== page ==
By Sandra Basu
WASHINGTON — How exactly does the VA plan to address its claims backlog problem with a wave of new veterans entering to the system? Can DoD and VA handle the needs of the influx of returning troops transitioning out of the military?
These were among the questions on which members of two House committees pressed VA Secretary Eric Shinseki and Defense Secretary Leon Panetta at a recent 2.5-hour congressional hearing.
The two sometimes were blunt in their responses. “This system is going to be overwhelmed. Let’s not kid anybody,” Panetta said at one point. “We are looking at a system that is already overwhelmed.”
Based on historical data, the problem will not resolve itself anytime soon. Shinseki predicted that VA’s requirements will “continue to grow for about a decade or … more” after the last U.S. troops leave Afghanistan.
“Over the next five years, there is the potential for one million serving men and women to either leave military service or demobilize from active duty,” he explained in written testimony. “The newest of our nation’s veterans are relying on VA at unprecedented levels. Most recent data indicate that, of the approximately 1.4 million veterans who returned from deployments to Iraq and Afghanistan, roughly 67% are using some VA benefit or service.”
Further complicating the picture is the prospect of sequestration, which calls for $500 billion in cuts from defense spending unless a debt-reduction plan is agreed upon by Congress. If sequestration is enacted, it could mean cutting 100,000 military personnel from the DoD budget, and VA’s healthcare system likely would have to take up the slack. These cuts would be on top of $487 billion DoD cuts that are already scheduled to take effect.
Defense Secretary Leon E. Panetta and Veterans Affairs Secretary Eric K. Shinseki testify at a joint hearing of the House Armed Services and Veterans Affairs committees. DOD photo
“Whatever impacts [DoD] will have some effect here,” Shinseki told the committee.
VA officials have been touting the Transformation Campaign Plan as a way to improve the claims process, which has been bogged down with 558,000 backlogged claims, as of mid-July. In FY 2012, VA’s backlog reduction target is 60%. Overall, VA’s goal is to be able to process all claims within 125 days with 98% accuracy by 2015.
House members at the hearing seemed skeptical that the VA would be able to meet these goals, particularly with new beneficiaries entering the system.VA, DoD Leaders Questioned About Handling Influx of New Veterans in System
“How can you do this, if roughly almost 700,000 new servicemembers are coming in? … How are you going to cut the backlog in half and increase the accuracy by almost 30% to 40%?” asked Rep. Cliff Stearns (R-FL).
A key element of the VA’s strategy is the new Veterans Benefit Management System that will automate the previously paperbound claims process, Shinseki said. According to the VA, the new system has cut the average time to process claims to 119 days in pilot programs. The system already is deployed to four regional office locations, and 12 more offices are slated tol use the system in FY 2012. By 2013, the system will be in all 56 VA regional offices.
“We get paper from DoD, and we are a paperbound process. So, in order to go paperless in VA, it will take coordination with both departments. We are piloting that automation tool today,” Shinseki said.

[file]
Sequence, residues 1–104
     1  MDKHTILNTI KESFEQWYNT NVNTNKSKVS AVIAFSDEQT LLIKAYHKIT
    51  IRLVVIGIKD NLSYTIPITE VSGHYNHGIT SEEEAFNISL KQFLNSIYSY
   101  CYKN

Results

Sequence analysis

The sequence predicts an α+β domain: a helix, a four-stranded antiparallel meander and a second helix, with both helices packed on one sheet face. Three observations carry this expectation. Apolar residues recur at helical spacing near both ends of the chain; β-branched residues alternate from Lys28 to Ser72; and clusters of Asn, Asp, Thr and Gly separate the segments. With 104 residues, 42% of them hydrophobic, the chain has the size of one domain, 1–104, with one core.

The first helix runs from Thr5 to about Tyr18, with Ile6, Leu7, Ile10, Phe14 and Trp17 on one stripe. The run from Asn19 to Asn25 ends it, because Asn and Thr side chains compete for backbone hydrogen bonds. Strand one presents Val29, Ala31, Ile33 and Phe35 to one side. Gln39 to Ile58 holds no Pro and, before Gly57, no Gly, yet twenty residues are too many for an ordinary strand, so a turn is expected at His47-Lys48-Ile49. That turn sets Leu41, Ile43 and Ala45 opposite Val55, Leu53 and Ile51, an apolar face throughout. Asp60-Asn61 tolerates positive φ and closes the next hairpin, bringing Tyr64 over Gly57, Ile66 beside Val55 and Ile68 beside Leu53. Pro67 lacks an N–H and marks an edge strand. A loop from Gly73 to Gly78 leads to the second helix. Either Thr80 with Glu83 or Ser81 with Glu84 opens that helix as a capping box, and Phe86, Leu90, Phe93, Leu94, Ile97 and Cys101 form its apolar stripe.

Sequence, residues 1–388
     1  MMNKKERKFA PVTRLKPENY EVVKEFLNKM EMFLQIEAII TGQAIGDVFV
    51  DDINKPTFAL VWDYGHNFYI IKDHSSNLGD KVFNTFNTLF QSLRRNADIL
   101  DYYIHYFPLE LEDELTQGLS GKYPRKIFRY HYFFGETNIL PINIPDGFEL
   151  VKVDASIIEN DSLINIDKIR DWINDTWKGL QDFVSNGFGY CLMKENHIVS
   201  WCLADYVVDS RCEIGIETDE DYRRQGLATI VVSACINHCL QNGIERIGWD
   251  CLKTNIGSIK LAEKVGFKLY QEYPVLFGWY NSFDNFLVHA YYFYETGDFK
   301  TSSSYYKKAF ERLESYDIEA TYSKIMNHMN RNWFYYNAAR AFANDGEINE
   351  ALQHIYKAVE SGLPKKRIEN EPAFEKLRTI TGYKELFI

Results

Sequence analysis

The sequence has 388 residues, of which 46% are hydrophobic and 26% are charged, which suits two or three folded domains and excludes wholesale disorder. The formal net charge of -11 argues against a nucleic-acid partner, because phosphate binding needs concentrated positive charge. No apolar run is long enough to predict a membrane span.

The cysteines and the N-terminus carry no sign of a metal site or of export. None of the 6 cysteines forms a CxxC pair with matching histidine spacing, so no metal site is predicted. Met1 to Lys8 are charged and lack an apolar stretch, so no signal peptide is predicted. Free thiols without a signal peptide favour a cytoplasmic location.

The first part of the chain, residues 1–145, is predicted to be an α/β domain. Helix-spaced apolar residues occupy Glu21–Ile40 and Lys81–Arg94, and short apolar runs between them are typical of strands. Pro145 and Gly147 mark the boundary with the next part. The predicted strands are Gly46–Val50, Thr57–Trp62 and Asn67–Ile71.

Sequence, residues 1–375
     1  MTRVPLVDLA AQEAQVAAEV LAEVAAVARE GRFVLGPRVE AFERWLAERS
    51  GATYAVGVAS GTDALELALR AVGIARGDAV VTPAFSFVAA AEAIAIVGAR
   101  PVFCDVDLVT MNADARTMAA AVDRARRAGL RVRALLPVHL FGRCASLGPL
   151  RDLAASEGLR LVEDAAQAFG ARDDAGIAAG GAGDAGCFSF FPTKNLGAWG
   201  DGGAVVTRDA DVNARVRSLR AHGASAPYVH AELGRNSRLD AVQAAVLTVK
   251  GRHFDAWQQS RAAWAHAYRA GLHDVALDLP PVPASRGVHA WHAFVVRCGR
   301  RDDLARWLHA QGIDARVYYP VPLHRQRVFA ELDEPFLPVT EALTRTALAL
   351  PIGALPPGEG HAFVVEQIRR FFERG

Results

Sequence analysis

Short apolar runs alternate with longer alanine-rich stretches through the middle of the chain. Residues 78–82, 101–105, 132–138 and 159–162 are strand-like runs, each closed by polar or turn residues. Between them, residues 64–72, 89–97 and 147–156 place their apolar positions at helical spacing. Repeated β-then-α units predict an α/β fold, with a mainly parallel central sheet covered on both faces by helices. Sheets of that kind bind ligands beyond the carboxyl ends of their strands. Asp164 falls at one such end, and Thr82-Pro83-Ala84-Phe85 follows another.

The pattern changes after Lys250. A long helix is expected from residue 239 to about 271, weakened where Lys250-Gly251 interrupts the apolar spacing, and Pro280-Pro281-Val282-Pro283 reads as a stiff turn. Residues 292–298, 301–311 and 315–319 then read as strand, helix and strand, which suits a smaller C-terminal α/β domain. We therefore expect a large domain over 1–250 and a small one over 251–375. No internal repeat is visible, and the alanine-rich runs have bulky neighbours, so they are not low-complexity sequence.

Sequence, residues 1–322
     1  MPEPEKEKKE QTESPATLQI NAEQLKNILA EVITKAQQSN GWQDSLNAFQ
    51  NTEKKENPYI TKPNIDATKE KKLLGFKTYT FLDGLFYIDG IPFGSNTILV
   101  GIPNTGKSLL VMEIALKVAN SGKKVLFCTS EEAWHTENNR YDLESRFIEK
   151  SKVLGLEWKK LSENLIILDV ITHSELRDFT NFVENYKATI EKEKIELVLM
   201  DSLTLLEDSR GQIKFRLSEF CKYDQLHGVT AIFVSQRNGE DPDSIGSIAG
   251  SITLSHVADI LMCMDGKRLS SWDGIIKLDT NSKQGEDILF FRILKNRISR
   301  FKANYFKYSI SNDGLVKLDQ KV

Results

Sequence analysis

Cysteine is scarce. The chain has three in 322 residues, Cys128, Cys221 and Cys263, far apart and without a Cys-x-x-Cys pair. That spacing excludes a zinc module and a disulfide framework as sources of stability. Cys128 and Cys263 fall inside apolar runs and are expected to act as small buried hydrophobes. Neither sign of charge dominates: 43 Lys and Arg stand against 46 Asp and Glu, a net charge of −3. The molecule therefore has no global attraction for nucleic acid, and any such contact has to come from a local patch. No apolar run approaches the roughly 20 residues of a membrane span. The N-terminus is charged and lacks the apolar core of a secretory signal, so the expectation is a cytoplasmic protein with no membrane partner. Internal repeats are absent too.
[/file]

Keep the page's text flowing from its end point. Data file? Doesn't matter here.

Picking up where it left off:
“Congressman, what you pointed out is a hell of a challenge,” Panetta added. “We are not kidding anybody. What you pointed out is exactly the concern, because we are going to be adding more and more to that list. I think the key for us, if we can develop the systems to deal with what we are dealing with now and make that work; it will be much easier as individuals come on board. If we don’t deal with it and make it more efficient now, then it will become even a worse problem in the future.”
Shinseki acknowledged to lawmakers that VA, “created the backlog in large measure” through decisions it has made to expand benefits to veterans..
“We made an Agent Orange decision that added a quarter of a million claims to the existing inventory,” he said. “We made a decision on combat-related PTSD that added half a million claims to the inventory. Some would say, ‘Why would you do that?’ But it was the right decision to do for veterans who have waited for many, many years.”
Integrated Electronic Health Record
Members of Congress also expressed frustration about the length of time it is taking the agencies to build an integrated electronic health record. The target date for the iEHR to replace the DoD’s and VA’s separate electronic health record systems is 2017.
Earlier this year, it was announced that, in 2014, initial capabilities of iEHR will be rolled out at San Antonio, TX and Hampton Roads, VA, in two test sites.
Progress still is not fast enough, the lawmakers said.
“Another five years is unacceptable,” said Rep. Bill Johnson (R-OH). “It’s unacceptable to me. And, gentlemen, it should be unacceptable to you.”
Rep. Jeff Miller (R-FL) also said he could not understand why it was taking so long.
“In 1961, John F. Kennedy said we’d put a man on the moon,” he said. “Eight years later, America was there. … We are not starting from ground zero with an electronic health record. Why is it taking so long?”
Panetta and Shinseki agreed that the need for a joint record is critical.
“We are working on a major initiative to do that,” Panetta said. “For too long, efforts to achieve a real seamless transition between our healthcare systems have been hamstrung by separate legacy health-record systems.”
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